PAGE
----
Use this URL to cite or link to this record in EThOS: http://ethos.bl.uk/OrderDetails.do?uin=uk.bl.ethos.661081
Title: Cytokine regulation and development of human anti-malarial immunity during Plasmodium falciparum infections
Author: Rhee, Michelle Sang Min
Awarding Body: University of Edinburgh
Current Institution: University of Edinburgh
Date of Award: 1999
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Abstract:
It is now widely accepted that clinical symptoms develop as a result of an excessive inflammatory response to malaria antigen. I hypothesise that inflammation is primarily due to a "Th-1-like" response and that the development of clinical immunity is associated with the downregulation of pro-inflammatory cytokines. I further hypothesise that immune responses of naïve and clinically immune individuals are mediated by different populations of mononuclear cells. In order to test these hypotheses, I first developed specific and sensitive methods to measure cytokine production. I then compared proliferative responses and IFN-g-production of peripheral blood mononuclear cells (PBMCs) to P. falciparum schizont extract (PfSE) from malaria naive, malaria-exposed (but not clinically immune) and malaria-immune individuals. In order to determine how PfSE-induced IFN-g production is regulated, I have also measured IL-12 p40, IL-12 p70 and IL-10 from PfSE-stimulated PBMCs and investigated the role of neutralising antibody to IL-12 in modulating IFN-g production. Finally, a combination of cell surface staining and intracellular cytokine staining was used in order to determine the phenotypes of cells responding to PfSE. Cells from all individuals proliferated vigorously in response to PfSE, but there were no significant differences between any of the groups. Cells from naïve individuals produced moderate levels of IFN-g which were mainly IL-12-dependent. Intracellular cytokine staining analysis indicated that IFN-g was primarily produced by ab+ T cells, although significant proportions of gd+ T cells and NK cells also produced IFN-g. IFN-g levels were significantly higher in PBMC cultures of exposed individuals than in cell cultures from naïve individuals and were only partially IL-12-dependent. In contrast, minimal levels of IFN-g were produced from PfSE-stimulated cells of immune individuals and were significantly lower than those found in either naïve or exposed populations.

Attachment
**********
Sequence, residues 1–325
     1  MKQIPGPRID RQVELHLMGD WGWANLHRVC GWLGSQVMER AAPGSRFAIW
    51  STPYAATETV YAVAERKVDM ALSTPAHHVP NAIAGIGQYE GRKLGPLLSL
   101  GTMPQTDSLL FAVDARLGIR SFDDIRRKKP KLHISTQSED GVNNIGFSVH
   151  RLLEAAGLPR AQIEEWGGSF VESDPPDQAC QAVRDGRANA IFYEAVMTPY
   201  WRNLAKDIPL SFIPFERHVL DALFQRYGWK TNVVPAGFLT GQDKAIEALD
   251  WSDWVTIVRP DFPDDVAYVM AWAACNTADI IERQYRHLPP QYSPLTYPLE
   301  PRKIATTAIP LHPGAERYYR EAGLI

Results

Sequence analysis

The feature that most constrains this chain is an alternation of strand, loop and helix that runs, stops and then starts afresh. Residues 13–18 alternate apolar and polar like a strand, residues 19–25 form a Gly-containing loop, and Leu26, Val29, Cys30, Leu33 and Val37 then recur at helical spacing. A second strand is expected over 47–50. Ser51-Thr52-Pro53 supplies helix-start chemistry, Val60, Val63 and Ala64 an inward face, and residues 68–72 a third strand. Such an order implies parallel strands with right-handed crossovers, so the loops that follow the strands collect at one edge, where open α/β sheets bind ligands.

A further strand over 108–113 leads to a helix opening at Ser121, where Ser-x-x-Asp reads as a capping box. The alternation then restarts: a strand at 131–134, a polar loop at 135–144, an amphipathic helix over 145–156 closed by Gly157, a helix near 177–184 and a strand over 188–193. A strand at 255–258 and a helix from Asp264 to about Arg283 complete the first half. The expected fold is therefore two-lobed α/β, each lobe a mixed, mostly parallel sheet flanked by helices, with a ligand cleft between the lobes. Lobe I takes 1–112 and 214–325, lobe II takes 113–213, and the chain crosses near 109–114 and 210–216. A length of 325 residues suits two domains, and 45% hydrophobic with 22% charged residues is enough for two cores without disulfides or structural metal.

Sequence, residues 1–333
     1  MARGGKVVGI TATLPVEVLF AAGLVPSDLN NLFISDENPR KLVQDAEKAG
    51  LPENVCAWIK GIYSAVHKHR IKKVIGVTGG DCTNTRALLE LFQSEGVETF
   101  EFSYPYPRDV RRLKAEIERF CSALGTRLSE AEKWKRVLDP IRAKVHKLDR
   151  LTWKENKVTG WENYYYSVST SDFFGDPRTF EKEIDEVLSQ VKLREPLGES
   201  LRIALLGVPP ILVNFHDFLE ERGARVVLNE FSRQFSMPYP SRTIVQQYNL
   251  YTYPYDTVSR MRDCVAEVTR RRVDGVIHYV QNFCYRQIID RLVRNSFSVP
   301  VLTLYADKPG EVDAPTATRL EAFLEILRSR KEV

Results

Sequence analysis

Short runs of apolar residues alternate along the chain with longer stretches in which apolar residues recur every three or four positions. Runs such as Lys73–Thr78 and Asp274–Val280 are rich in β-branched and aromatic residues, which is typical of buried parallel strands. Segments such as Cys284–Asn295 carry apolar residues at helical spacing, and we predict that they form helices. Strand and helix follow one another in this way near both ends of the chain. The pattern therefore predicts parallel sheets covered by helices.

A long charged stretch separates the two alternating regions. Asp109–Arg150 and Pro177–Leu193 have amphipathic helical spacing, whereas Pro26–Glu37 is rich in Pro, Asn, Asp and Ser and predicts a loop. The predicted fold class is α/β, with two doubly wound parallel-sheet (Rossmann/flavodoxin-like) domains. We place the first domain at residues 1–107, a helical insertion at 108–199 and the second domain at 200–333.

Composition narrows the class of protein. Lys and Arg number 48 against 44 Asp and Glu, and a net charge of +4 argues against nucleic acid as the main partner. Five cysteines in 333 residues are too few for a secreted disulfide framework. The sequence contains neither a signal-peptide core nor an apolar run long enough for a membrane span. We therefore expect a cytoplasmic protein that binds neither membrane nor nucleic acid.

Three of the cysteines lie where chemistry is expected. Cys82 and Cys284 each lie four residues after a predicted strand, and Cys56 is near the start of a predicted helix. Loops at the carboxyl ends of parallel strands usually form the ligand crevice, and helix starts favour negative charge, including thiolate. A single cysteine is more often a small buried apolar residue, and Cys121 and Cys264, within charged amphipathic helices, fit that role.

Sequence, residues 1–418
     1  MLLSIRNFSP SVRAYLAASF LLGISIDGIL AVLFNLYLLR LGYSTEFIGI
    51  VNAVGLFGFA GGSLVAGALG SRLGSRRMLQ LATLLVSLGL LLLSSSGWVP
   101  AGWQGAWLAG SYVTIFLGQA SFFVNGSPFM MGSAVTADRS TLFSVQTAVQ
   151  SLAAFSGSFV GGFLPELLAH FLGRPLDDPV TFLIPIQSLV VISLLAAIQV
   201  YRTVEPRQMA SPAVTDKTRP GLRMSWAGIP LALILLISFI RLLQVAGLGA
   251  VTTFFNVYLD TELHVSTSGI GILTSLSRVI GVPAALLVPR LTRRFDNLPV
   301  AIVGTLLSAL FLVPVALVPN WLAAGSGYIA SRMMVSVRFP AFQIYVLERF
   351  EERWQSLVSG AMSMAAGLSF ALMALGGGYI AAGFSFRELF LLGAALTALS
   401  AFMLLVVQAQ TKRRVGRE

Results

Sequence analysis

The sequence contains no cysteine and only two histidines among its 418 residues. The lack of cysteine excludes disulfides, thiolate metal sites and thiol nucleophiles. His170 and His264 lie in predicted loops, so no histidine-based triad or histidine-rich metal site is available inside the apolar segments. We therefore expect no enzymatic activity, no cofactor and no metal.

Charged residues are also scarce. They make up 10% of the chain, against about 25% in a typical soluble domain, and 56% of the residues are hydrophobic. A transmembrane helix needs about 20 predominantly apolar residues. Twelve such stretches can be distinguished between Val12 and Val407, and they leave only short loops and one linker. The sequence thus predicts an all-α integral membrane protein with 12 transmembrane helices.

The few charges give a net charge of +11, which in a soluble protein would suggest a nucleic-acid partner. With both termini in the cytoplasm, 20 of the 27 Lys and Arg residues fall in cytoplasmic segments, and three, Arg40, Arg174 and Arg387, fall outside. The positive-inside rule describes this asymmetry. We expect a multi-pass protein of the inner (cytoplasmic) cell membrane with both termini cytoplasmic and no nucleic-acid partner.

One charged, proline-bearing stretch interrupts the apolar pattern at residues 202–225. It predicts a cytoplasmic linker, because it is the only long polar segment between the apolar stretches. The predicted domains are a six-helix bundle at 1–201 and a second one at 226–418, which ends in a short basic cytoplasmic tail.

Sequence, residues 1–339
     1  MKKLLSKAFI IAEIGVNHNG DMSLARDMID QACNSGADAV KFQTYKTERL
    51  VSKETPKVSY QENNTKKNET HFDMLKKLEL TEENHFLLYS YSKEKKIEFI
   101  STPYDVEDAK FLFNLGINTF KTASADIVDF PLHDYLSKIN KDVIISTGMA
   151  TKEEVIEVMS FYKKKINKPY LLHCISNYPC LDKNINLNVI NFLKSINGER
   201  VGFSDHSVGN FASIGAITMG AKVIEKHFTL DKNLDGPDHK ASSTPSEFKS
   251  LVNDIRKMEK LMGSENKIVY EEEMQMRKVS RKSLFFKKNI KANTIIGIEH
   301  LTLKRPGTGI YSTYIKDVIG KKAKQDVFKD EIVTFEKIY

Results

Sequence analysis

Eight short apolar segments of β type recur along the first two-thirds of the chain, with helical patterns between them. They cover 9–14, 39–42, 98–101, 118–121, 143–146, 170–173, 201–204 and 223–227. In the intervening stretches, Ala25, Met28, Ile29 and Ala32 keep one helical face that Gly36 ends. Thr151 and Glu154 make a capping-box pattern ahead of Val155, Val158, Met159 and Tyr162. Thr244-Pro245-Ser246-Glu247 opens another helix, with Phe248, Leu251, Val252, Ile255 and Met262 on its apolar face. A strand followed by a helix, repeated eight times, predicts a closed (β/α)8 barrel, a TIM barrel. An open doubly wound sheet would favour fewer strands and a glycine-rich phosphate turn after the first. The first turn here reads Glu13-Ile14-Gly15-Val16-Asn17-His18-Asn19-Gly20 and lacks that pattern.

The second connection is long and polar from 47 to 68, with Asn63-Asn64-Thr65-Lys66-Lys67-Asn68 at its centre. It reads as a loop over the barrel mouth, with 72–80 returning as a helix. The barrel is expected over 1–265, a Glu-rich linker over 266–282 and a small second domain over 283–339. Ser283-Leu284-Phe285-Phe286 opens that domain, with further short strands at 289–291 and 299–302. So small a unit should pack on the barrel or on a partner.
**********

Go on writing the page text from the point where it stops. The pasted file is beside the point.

Supervisor: Not available Sponsor: Not available
Qualification Name: Thesis (Ph.D.) Qualification Level: Doctoral
EThOS ID: uk.bl.ethos.661081  DOI: Not available
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